GOP moves forward to end Senate gridlock


As of now, hundreds of President Trump’s nominees are victims of Democrats using Senate rules to create gridlock and bottleneck the process. Republicans are now stepping in with a proposal to stop Democratic obstruction of these nominations. The proposal would cut the current 30 hours of debate time on nominations to eight hours in order to speed up the process, stop Democrats abuse of the rules and — most of all — stop wasting time on Senate floor to confirm these well-qualified nominees.

The Hill has the story:

The proposal from GOP Sen. James Lankford (Okla.) would cut the additional 30 hours of debate down to eight hours. Post-cloture debate for district judge nominees would be further capped at two hours.

Republicans argue the change is necessary because Democrats are slow-walking the president’s picks in an attempt to undermine the Trump administration.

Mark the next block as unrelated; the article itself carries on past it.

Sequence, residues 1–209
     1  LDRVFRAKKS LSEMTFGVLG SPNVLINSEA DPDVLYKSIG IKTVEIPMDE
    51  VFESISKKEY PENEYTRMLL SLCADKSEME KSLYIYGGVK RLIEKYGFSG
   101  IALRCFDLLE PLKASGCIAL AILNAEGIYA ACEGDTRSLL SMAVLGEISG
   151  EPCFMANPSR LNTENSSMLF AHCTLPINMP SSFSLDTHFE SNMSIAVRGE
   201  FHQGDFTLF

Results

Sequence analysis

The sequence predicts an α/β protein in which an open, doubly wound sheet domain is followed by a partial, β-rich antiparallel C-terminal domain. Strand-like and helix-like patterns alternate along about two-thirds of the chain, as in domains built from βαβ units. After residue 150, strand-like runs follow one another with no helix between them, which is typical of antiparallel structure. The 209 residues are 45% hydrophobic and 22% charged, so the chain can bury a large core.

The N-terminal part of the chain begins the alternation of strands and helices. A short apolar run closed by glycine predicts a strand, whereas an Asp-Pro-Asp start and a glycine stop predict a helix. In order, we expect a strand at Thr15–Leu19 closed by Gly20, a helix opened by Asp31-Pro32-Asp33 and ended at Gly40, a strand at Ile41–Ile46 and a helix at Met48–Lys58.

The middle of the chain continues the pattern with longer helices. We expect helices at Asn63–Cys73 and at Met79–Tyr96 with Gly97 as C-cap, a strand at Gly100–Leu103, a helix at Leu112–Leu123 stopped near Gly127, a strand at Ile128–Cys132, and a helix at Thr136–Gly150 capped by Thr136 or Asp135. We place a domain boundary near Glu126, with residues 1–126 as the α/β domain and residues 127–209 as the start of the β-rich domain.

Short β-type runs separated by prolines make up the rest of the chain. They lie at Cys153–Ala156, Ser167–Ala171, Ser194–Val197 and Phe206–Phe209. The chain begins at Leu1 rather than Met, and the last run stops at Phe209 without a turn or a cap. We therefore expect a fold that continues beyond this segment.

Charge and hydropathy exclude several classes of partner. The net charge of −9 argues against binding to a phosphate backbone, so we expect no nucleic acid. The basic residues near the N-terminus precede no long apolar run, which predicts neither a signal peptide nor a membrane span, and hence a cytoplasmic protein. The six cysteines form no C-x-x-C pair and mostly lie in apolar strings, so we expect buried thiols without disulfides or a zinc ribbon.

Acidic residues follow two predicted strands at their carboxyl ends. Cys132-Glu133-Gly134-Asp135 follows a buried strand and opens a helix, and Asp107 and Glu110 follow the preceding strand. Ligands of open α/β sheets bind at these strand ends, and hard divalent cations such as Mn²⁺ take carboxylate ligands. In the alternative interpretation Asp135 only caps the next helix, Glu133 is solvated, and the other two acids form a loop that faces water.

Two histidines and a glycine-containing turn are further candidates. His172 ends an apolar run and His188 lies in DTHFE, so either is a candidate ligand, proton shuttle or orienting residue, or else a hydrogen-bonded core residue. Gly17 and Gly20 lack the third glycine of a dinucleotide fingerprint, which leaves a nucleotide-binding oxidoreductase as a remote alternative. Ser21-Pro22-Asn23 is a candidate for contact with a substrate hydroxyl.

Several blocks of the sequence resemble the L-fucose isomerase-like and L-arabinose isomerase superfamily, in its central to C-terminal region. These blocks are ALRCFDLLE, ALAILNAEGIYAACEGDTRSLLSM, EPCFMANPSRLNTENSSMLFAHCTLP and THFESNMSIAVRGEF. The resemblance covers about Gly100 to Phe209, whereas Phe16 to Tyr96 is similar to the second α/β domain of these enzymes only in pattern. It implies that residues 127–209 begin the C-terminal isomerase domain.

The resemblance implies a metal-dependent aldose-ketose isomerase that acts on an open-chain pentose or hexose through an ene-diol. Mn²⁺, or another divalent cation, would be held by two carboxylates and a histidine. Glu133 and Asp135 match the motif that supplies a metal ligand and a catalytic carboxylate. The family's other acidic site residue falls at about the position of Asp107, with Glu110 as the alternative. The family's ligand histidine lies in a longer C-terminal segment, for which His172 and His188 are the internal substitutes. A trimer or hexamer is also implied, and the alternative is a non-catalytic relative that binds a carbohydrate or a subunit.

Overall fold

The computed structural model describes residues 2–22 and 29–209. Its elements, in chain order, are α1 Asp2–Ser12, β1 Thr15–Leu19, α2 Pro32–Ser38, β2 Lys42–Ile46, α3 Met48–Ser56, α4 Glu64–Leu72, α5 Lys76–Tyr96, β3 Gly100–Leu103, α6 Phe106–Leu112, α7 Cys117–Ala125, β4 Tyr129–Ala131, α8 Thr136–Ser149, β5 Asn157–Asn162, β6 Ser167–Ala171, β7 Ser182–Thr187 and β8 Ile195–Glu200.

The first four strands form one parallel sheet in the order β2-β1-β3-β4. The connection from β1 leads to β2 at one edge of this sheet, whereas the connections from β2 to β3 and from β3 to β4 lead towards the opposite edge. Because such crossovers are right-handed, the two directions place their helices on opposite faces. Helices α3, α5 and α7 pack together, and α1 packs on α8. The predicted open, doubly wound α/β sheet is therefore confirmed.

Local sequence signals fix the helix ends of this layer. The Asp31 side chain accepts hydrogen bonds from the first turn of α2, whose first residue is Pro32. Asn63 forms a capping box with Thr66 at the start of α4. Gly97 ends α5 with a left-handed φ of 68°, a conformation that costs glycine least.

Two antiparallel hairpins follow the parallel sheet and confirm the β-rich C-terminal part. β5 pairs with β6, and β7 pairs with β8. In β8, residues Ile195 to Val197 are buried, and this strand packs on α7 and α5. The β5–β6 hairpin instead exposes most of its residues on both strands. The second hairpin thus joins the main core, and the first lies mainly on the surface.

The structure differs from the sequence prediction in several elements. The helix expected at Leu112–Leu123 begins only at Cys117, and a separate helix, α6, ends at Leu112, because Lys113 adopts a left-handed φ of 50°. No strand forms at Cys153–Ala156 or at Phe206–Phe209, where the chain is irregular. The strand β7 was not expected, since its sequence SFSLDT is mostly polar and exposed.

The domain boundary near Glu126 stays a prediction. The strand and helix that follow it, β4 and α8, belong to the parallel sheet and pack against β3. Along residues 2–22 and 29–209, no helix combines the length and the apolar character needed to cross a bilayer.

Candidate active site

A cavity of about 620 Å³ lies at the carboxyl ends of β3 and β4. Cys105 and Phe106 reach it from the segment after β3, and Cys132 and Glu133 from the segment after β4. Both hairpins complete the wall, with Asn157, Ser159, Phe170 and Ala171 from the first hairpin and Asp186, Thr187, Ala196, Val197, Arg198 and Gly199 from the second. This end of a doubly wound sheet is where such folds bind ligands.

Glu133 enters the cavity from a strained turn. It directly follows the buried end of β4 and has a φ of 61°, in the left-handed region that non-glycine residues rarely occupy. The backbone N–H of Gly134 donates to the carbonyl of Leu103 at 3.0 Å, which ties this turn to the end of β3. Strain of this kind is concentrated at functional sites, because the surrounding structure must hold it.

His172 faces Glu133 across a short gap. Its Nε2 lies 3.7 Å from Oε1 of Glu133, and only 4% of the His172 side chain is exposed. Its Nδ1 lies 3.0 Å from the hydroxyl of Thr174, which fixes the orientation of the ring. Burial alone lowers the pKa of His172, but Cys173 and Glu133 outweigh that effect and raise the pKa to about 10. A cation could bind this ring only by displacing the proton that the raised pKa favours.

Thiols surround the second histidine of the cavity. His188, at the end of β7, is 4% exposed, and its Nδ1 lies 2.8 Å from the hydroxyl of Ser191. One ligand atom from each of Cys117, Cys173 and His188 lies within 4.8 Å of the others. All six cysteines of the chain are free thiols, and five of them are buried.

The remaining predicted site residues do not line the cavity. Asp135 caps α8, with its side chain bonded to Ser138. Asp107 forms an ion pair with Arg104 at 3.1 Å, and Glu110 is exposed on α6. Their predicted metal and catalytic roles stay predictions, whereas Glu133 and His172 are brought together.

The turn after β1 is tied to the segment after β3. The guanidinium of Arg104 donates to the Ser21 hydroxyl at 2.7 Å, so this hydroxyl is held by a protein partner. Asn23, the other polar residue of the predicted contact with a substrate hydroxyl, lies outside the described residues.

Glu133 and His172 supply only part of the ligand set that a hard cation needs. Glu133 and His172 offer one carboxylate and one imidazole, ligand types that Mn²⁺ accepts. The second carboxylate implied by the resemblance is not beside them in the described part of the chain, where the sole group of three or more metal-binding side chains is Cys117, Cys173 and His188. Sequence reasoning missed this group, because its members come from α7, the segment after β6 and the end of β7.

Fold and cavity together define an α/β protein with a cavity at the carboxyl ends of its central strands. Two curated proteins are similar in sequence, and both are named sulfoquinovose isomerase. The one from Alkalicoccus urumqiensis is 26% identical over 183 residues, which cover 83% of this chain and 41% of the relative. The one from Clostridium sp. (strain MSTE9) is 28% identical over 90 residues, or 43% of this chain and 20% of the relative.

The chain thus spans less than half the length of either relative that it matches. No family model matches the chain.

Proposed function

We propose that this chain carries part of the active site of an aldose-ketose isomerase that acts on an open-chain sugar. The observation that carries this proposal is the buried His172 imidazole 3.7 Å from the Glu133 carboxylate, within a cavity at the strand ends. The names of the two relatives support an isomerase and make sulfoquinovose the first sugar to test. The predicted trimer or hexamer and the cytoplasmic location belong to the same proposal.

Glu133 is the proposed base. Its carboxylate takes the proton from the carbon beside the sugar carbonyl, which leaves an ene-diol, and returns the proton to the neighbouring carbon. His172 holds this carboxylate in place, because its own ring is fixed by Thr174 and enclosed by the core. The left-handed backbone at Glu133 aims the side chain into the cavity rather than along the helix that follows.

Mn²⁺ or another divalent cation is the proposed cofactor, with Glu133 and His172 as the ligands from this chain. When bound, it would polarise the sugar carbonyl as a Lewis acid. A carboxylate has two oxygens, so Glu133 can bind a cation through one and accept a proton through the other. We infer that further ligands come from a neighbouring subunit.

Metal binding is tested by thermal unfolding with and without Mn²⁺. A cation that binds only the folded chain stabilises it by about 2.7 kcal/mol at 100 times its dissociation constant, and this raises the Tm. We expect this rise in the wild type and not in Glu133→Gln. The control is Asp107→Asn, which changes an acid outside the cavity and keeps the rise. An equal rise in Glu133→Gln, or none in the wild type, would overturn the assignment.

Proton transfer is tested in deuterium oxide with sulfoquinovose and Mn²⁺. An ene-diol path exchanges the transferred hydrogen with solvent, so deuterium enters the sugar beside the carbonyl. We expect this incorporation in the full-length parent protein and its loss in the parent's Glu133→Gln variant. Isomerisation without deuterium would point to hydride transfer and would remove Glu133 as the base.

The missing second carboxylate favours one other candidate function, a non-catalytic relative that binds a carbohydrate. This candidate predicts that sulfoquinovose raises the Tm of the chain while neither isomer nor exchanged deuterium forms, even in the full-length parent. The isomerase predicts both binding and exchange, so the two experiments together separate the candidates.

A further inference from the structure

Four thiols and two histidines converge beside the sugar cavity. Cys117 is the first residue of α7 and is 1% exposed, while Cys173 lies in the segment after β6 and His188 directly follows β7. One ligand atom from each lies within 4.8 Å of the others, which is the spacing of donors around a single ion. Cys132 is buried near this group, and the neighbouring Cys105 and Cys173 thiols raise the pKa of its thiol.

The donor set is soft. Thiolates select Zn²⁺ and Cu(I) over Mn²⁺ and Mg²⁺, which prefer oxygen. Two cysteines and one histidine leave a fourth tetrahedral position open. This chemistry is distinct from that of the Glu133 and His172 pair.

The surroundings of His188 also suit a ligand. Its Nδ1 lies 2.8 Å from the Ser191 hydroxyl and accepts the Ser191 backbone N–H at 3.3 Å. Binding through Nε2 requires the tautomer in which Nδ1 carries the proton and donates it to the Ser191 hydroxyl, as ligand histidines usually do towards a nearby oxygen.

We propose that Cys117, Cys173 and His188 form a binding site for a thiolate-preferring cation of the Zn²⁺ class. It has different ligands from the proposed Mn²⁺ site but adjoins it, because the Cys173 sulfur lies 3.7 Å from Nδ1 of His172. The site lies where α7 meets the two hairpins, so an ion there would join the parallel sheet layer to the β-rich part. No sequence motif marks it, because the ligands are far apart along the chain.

McConnell said Democrats are “wasting the Senate’s time” by dragging out debate time for uncontroversial nominees.

“At some point the question is, what is a constructive use of the Senate’s time?” he said ahead of the vote.

Lankford added that he’s “not trying to be partisan” but to “fix” a long-running issue.

As of late last week, Trump has gotten 395 nominations confirmed, with an average timeframe of 85 days from nomination to confirmation, according to a tracker by The Washington Post and the Partnership for Public Service.

Trump has another 205 nominees stuck somewhere in the Senate’s backlog, according to the tracker.

The Senate had a well-deserved reputation for being “the world’s greatest deliberative body.” In recent years, the rules have been used in partisan efforts to obstruct and stall the agenda of whoever is holding office at the time. It’s time for the rules to change and to restore the Senate’s reputation of being a place of great debate. Sign the petition to urge the Senate to update its antiquated debate rules, which liberals have abused to obstruct the confirmation of President Trump’s judicial nominees.